December 03, 2012
Credit: Credit: Bell Helicopter Concept
Graham Warwick Washington
As it draws up requirements for an advanced rotorcraft to replace its Sikorsky UH-60 Black Hawks after 2030, the U.S. Army wants to demonstrate configurations capable of speeds up to 230 kt.—50% faster than today's helicopters.
The Army's initial requirements for the Future Vertical Lift (FVL) Medium utility rotorcraft call for speed in excess of 170 kt.—still faster than current helicopters. But its Aviation Applied Technology Directorate (AATD) plans to focus the upcoming Joint Multi-Role (JMR) technology demonstration (TD) on the 230-kt. target.
The FVL Medium model performance specification (MPS) now being finalized with inputs from government and industry configuration trade studies “reflects what we think would describe the aircraft if we snapped a line today,” says Ned Chase, AATD's JMR TD program manager. “It's a reasonable place to start.”
The “singular difference” between the model performance specification and AATD's science and technology (S&T) plan is speed, says Chase. That is because the Army has already invested heavily in conventional helicopter technology. The JMR TD program is an opportunity to balance the portfolio by investing in high-speed rotorcraft so a wider range of options will be available when FVL Medium begins around 2020.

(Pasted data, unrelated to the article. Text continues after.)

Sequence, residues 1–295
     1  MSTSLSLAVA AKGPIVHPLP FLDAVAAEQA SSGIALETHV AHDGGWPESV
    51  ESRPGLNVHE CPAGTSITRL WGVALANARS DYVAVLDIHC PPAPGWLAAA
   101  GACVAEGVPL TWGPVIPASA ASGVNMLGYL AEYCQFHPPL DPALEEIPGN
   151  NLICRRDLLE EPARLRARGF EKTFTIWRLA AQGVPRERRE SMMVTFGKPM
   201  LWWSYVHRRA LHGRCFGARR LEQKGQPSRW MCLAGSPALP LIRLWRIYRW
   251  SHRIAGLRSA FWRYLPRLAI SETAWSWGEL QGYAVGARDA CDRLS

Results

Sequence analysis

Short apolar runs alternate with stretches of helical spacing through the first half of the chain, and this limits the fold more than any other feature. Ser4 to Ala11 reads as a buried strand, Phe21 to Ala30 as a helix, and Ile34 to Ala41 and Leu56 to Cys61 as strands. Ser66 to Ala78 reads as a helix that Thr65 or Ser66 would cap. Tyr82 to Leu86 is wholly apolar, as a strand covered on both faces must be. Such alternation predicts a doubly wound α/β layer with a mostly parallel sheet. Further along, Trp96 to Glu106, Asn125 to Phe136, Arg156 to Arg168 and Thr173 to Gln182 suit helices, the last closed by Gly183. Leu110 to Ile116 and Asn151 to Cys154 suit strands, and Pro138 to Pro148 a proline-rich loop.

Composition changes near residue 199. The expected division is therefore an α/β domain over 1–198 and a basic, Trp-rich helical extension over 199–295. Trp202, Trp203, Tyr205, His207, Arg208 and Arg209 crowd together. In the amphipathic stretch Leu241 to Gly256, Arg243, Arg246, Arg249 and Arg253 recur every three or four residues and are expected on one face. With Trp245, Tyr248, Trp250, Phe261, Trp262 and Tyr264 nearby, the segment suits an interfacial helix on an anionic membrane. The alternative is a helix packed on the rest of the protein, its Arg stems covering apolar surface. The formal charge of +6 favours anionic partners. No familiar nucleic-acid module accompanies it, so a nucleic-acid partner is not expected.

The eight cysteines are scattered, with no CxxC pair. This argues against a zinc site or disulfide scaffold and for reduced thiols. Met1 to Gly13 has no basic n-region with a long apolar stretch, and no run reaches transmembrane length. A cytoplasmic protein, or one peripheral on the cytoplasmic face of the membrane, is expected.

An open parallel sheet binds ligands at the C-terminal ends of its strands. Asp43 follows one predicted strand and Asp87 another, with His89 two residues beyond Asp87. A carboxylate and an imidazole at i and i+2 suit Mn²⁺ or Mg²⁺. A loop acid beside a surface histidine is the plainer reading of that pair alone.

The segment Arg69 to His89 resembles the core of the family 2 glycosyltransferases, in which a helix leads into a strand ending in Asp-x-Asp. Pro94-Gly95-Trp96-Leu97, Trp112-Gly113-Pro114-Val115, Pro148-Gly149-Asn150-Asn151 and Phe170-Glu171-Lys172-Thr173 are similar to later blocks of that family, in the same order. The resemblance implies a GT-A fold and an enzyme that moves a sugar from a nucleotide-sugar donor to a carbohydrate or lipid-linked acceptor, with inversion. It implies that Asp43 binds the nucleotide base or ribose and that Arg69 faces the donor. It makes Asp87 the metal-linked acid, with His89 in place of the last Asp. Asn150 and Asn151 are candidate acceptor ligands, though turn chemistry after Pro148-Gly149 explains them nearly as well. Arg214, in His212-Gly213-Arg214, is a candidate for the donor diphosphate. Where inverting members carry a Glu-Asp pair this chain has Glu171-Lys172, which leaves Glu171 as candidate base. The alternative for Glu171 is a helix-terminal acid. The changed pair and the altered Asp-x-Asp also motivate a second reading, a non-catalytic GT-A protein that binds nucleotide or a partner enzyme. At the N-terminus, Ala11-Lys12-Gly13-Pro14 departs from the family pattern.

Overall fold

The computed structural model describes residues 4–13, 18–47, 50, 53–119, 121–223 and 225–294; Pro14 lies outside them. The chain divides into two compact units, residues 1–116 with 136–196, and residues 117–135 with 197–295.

“We have an MPS to provide an overarching description of the next-gen aircraft. It is intended to reflect the thinking of the requirements community across the Defense Dept., and their view is still 170-kt.-plus,” says Chase. “[But] we want 230 kt.”
Configuration studies by AVX Aircraft, Bell Boeing, Boeing and Sikorsky, as well as a government team, will be completed in the next 2-3 months. But results so far suggest only a compound helicopter or tiltrotor can meet the FVL Medium requirements. The analyses point to a 30,000-lb. gross-weight aircraft, down from the original 40,000-lb. estimate, but heavier than today's Black Hawk at 22,000 lb.
Under Phase 1 of the JMR TD, AATD plans to issue a broad agency announcement in early January calling for proposals to build demonstrator aircraft to fly in 2017. “We expect a compound or tiltrotor, but there may be others,” says Chase. AATD has funds for two demonstrators.